Some 181 people have tested positive for coronavirus in Kenya today after 2,131 samples were tested.
The national tally now stands at 8,067, Health CS Mutahi Kagwe (pictured
) said in a statement.
In the new confirmed cases, 179 are Kenyans. The youngest is a four-month-old infant while the oldest is 79 years.
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The highest positive cases were reported in Nairobi (134), followed by Kiambu (19), Mombasa (nine), Kajiado (six), Machakos (six), Lamu (three), Murang'a (two), Uasin Gishu (one) and Kirinyaga (one).
Some 127 patients were discharged, pushing the number of recoveries to 2,414.
However, the death tally now stands at 164 after four more people died.
This came as President Uhuru Kenyatta lifted the lockdown
on Nairobi, Mombasa and Mandera.
On April 6, he ordered the first of such containment measures by restricting movement in and out of Nairobi, Mombasa, Kwale and Kilifi counties and imposed a dusk-to-dawn curfew for all but essential service providers.
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The efficacy of the restrictions has, however, been dulled by the steep rise in the number of Covid-19 infections in recent weeks.
In the week ending yesterday, July 5, the country had been recording an average of 216 new cases daily.
Today the President announced that movement in and out of Nairobi, Mombasa and Mandera counties will be lifted on Tuesday at 4am in a move expected to avert plunging the struggling economy deeper into turmoil.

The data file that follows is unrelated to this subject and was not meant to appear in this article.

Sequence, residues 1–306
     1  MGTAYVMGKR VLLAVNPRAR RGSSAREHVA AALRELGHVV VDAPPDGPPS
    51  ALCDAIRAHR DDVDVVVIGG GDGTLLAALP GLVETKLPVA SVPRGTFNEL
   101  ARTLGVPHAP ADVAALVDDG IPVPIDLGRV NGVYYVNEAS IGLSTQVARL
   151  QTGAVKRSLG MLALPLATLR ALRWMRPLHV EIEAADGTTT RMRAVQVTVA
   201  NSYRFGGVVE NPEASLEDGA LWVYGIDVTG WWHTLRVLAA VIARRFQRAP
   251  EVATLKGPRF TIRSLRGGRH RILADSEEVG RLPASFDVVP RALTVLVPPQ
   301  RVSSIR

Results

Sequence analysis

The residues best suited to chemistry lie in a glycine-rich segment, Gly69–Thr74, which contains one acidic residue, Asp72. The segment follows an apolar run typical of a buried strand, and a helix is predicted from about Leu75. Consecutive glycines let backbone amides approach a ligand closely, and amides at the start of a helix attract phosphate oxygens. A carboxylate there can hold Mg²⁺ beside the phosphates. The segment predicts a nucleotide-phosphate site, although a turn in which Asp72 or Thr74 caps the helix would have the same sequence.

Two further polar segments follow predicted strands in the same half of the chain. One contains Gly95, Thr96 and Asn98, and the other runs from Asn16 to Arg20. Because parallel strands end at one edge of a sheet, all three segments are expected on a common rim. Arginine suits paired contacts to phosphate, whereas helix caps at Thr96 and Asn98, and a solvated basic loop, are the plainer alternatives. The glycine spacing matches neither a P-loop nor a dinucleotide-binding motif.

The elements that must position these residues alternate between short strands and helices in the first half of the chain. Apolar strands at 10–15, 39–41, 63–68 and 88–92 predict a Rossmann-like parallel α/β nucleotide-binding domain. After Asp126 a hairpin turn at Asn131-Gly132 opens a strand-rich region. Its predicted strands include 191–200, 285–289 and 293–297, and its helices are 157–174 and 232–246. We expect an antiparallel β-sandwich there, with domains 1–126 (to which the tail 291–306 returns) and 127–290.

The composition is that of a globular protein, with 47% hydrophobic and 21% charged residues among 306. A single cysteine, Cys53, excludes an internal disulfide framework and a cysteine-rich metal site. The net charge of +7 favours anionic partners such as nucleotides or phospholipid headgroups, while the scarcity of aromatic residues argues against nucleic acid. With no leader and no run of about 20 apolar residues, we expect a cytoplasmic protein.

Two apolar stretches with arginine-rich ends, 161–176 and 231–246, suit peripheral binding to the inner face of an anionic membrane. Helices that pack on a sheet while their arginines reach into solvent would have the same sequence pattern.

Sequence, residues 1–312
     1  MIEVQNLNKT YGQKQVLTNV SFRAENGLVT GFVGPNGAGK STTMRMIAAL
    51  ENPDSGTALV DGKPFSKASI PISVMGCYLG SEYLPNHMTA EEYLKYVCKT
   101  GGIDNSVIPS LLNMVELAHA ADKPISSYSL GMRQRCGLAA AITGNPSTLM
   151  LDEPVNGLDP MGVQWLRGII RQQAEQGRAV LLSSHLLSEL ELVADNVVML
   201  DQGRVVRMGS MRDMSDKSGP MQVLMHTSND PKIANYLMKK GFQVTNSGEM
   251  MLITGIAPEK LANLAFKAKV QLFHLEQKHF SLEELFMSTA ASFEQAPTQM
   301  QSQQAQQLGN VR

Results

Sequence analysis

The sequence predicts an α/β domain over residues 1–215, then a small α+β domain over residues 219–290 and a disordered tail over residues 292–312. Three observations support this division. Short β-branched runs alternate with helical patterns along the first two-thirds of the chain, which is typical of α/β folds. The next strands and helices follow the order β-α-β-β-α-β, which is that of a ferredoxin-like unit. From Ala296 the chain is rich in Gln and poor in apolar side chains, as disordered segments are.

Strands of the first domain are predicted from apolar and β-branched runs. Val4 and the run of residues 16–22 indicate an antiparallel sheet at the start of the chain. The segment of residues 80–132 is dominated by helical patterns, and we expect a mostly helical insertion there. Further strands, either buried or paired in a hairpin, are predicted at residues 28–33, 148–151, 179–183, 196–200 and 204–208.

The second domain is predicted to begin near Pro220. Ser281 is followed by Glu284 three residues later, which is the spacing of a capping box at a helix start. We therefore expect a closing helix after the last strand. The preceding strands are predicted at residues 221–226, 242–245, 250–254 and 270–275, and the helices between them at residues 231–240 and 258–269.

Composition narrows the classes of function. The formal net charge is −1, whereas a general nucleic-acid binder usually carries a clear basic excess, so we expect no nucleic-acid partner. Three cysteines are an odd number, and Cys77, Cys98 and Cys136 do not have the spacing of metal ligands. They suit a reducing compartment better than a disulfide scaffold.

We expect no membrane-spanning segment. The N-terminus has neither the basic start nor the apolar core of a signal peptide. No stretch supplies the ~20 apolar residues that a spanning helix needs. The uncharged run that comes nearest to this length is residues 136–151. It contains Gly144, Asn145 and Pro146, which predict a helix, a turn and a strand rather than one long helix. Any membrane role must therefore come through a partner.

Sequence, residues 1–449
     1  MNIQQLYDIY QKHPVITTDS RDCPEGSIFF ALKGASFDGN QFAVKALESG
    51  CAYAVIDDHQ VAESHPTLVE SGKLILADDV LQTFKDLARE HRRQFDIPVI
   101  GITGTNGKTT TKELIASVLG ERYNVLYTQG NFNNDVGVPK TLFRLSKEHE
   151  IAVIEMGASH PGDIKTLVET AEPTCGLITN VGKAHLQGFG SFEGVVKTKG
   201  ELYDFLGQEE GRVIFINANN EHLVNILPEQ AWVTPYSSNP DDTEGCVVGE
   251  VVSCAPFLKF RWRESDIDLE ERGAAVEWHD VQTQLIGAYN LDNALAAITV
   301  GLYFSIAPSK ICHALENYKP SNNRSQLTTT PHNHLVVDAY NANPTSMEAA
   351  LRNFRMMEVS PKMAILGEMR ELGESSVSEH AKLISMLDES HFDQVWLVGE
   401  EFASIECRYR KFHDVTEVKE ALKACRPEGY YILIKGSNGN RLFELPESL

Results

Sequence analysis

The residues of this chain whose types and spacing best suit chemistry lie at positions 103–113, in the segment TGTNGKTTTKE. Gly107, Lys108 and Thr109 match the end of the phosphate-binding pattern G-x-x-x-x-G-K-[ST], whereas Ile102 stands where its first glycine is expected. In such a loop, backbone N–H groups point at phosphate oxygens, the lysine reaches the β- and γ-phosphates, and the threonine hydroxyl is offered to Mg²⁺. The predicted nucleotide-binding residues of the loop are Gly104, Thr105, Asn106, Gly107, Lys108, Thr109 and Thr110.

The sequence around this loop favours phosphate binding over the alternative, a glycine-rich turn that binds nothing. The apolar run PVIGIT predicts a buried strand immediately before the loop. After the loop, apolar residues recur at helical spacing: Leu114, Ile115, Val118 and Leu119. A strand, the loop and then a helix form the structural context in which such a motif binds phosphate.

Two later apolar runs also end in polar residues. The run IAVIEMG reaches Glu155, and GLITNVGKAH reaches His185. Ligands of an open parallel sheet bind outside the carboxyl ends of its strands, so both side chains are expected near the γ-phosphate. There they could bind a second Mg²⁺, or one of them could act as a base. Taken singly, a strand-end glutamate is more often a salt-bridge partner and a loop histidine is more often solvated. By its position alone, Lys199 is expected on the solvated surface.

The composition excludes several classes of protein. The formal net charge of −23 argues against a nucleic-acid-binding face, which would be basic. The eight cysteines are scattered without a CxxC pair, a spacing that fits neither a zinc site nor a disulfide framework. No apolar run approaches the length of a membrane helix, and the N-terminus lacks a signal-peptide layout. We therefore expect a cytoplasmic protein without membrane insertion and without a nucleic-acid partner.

The nationwide curfew will, however, be extended for a further 30 days.
"By reopening (the three counties), we must be cognisant of the fact that we are much more at risk when the restrictions were in place. We must exercise cautious optimism," President Uhuru told the nation in a televised address from Harambee House, Nairobi.
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He said there shall be no movement of public service vehicles into and outside of areas previously under lockdown without the required clearance of the public health and transport departments.
Concerns over the capacity of hospitals in Nairobi to take in more Covid-19 patients are rising amid reports the sick are being turned away from the facilities.
A work colleague to one of the patients who tested positive for the virus on Thursday painted a grim picture of what is happening to newly-diagnosed cases in the city.
She said when her colleague tested positive, his contacts were shared with the Ministry of Health so that he could be picked up and taken to an isolation facility.
“Ministry officials called but they could not get space for him at the Kenyatta National Hospital, Mbagathi Hospital or even Kenyatta University Hospital. He was told all the facilities were full,” she said.
Despite having a severe headache and chest pains, the sick man was told to go back home as health officials worked to get him space into the overwhelmed system. By Sunday evening, he was still waiting for instructions on how his condition would be managed, even as the situation worsened.
Government spokesman Cyrus Oguna has in the past said they were working with medics
to ensure patients who had been admitted to hospitals but were not seriously ill, are discharged for home-based care to free up space for others who are seriously sick.
The Ministry of Health has denied knowledge of anyone turned away from hospital, saying there were still beds available in Nairobi, and that they would do an audit to establish the number of unoccupied beds.